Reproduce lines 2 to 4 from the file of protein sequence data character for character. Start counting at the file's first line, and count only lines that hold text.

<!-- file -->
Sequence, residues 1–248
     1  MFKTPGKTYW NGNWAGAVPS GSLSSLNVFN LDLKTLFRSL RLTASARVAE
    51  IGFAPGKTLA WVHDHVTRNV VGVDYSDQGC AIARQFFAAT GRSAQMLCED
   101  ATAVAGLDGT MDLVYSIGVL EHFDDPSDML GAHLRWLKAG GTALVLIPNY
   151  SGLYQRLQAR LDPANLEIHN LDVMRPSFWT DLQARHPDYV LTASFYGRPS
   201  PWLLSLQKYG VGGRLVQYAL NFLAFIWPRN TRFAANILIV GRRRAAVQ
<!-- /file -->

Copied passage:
     1  MFKTPGKTYW NGNWAGAVPS GSLSSLNVFN LDLKTLFRSL RLTASARVAE
    51  IGFAPGKTLA WVHDHVTRNV VGVDYSDQGC AIARQFFAAT GRSAQMLCED
   101  ATAVAGLDGT MDLVYSIGVL EHFDDPSDML GAHLRWLKAG GTALVLIPNY